Posted on Tue Jun 09 2015 -- baroque-dice
I posted a new dice mechanic recently. I explained the mechanics, and in doing so found a better version of the same idea. Thanks to Lester Ward for feedback confirming this conclusion. However, I didn't really articulate its intended purpose.
Aside from novelty, what does this system bring to the table? It brings risk, reward, and possibility. Long conversations with Gray Pawn about success and failure in games got me thinking, and this system was the result of one of those thoughts. Reading gamer war stories like Sameo (warning: rest of 1d4chan is NSFW) reminded me that spectacular failures could still be exciting. Fate taught me that doling out excitement can be safely put, at least partly, in the hands of the players.
In the new system, anyone can technically attempt anything.
Nothing stops you from accumulating dice to pay off a high
Action Cost. At the end of the day, high skill doesn't
give you more opportunities, it just prevents more things from
going badly. There's a gatekeeper, of course:
if the GM doesn't think you get to make the roll
at all, you don't. The bespectacled professor
isn't going to lift a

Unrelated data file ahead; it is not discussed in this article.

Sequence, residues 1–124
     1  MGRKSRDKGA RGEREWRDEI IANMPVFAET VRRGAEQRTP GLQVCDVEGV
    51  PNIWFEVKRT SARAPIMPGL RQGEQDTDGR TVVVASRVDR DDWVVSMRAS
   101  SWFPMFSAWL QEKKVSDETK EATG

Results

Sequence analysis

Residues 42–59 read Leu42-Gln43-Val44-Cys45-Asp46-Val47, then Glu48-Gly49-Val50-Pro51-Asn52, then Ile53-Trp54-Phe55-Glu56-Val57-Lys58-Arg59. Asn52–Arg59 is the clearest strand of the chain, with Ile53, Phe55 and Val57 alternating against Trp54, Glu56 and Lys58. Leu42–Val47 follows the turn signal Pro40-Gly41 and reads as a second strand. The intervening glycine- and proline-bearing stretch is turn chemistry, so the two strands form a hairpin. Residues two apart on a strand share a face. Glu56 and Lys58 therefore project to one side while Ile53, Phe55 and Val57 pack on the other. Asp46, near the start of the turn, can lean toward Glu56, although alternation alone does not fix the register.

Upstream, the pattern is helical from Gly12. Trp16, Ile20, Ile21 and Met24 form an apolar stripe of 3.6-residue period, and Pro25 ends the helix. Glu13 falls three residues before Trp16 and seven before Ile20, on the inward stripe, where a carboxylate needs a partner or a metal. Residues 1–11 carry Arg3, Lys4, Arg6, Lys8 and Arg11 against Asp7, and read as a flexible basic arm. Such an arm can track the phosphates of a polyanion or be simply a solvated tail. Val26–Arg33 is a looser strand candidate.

To see what I mean, let's imagine a PC party trekking through the jungle. Nearby are some bad guys, waiting in ambush. It would be interesting to determine if the PCs notice the ambush, so that calls for a roll. The GM has set the Action Cost for a "Realize" type action at 18 — fairly steep as things go. Let's imagine two different PCs making this same roll.
First is the capable, wilderness-savvy ranger type. He's got a special action or feat or something that gives him an Ability of 6 to notice ambushes. He rolls d4 (3), d6 (3), d8 (6), and d10 (2). This reduces the AC from 18 to 15, 12, 6, and 4, respectively. His final roll on d12 (11) brings it to -7, fully paying off the Action Cost and leaving 7 points of Risk. He adds his Ability leaving 1 point of Risk. "You overlook a minor detail," says the GM. "You'll find out about it after the fight." The player agrees, and the combat begins.
Second is the bespectacled professor type mentioned earlier. He's not old and senile, but he sometimes misses things, and has an Ability of 1 to Realize non-scientific things. If he had rolled the same as the ranger, but added his Ability of 1, 6 points of risk would have remained! Maybe the professor, peering intently into the jungle, is the first attacked, and the signs of the ambush is him falling backward with arrows in his chest. Maybe he's stunned and unable to move for a few rounds. Maybe he flees in a panic.
The professor's player could have chosen to stop rolling, and failed to detect the ambush at no personal cost. But either way, the increasingly big gamble of the dice is a player choice, with both big rewards and big penalties as possibilities. If it really works as intended, then success or failure is a choice the player gets a say in, at the possible cost of something going south very hard for their PC.